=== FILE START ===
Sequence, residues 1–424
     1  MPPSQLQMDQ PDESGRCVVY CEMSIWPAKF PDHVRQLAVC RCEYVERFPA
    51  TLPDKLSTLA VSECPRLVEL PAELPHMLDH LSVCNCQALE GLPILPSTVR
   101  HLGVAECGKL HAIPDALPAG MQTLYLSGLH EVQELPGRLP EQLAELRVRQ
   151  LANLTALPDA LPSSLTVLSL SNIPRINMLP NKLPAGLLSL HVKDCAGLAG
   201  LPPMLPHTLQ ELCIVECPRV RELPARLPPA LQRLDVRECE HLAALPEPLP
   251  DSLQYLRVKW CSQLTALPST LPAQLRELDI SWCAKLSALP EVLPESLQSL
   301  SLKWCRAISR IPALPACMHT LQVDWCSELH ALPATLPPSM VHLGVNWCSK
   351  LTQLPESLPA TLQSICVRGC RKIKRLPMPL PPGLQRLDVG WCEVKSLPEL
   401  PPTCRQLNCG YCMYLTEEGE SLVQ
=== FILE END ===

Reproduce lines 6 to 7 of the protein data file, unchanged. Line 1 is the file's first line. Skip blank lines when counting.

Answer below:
   201  LPPMLPHTLQ ELCIVECPRV RELPARLPPA LQRLDVRECE HLAALPEPLP
   251  DSLQYLRVKW CSQLTALPST LPAQLRELDI SWCAKLSALP EVLPESLQSL